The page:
You should be able to spot the change in that picture. This suggestion isn’t too big of a deal, although it has been on my mind for a while. If I have to keep going back and forth to certain objects in my game’s object library, I think having that button would make things go just a bit faster. Who knows, maybe someone is impatient and is annoyed by constantly clicking “ok” then having to click on the object library again.
- Having notes within the behavior window. In other words:
Yes, some behavior components do have the capability of adding labels above them. Unfortunately, the font is so small and you can only input so many characters before it cuts off. I think having something like this would allow us to more easily identify which behaviors do what, provided someone’s actor is EXTREMELY cluttered with behaviors. (cough Mhx cough) Those black lines? Perhaps they can be separators to organize one’s behaviors. Again, it can be extremely useful if someone has behaviors scattered everywhere.
- Being able to click on an alert through the Behavior window.
One of my level starts off with an alert, and my actors will not activate unless you press the button. Because of this, I cannot actually tell, through the behavior window, if certain triggers are firing or not. That is a problem because I need to tell if any of my triggers are firing. I could simply just remove the label for now, but I have already implemented the “enabled” and “message” components in all of my needed actors. I don’t want to screw anything up and have to go through the process of replacing everything later. I mean, If I am forced to do this, I will.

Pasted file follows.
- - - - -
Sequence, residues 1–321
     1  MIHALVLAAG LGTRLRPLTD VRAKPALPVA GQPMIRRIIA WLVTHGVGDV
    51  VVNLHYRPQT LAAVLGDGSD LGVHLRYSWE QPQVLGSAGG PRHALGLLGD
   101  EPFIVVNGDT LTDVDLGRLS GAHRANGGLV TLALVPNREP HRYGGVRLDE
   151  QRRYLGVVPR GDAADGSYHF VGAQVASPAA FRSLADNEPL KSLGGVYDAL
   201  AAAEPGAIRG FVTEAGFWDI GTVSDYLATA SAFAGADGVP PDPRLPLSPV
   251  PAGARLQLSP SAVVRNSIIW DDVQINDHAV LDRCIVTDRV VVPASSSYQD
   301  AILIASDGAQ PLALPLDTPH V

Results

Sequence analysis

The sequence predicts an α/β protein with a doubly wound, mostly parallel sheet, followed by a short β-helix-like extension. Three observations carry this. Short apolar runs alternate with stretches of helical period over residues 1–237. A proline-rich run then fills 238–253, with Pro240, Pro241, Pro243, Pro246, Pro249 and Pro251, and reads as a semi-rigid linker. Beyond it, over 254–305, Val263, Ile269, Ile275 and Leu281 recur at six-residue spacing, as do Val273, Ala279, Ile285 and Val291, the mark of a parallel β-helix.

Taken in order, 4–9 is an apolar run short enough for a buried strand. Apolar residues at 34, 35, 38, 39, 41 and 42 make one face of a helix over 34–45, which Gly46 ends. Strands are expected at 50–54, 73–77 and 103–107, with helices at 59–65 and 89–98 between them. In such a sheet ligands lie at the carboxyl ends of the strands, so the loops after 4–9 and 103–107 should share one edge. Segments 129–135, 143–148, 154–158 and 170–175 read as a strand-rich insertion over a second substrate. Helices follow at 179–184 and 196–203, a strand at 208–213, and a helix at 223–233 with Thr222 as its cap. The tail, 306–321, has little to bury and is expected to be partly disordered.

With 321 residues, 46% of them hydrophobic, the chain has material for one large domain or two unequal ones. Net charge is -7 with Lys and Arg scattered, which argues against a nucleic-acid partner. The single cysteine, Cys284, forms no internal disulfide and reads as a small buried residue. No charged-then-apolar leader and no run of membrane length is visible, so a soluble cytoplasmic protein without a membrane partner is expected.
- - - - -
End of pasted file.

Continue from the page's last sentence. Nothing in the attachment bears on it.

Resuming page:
- Copying and pasting bundles (cloning)
Now, don’t get me wrong, the Behavior Bundle feature is useful (for most people). The only problem I have with Behavior Bundles are that you cannot change it’s contents according to specific objects.
For example, let’s apply “Bundle” to “Object 1” and “Object 2”. I want Object 1 to move with a speed of 5, and I want Object 2 to move with a speed of 6. If I save “Bundle” with a speed of 5, I can finally apply it to Object 1. Now, let’s save ourselves some time and add this bundle to Object 2. But wait, the speed is 5, let’s change it to 6…and that’s where the downfall occurs. The speed is now 6 in Object 1 as well.
If you guys were aiming to have the purpose of bundles as templates, I think copying and pasting will fit that role and do the job. I could clone “Bundle” and name the clone “Bundle 2”, then change the speed in Bundle 2 to 6 and apply it to Object 2. Understand?
Yes, making something move is a simple task and I should not be lazy to the point where I am complaining about adding 3 specific behaviors to an object. Point being, this should be used for actors with more complicated functions, such as an object spawner that includes many exceptions. One may need this spawner for another level, and will be able to save time and edit what they need to.
And I hope that was short enough. Responses?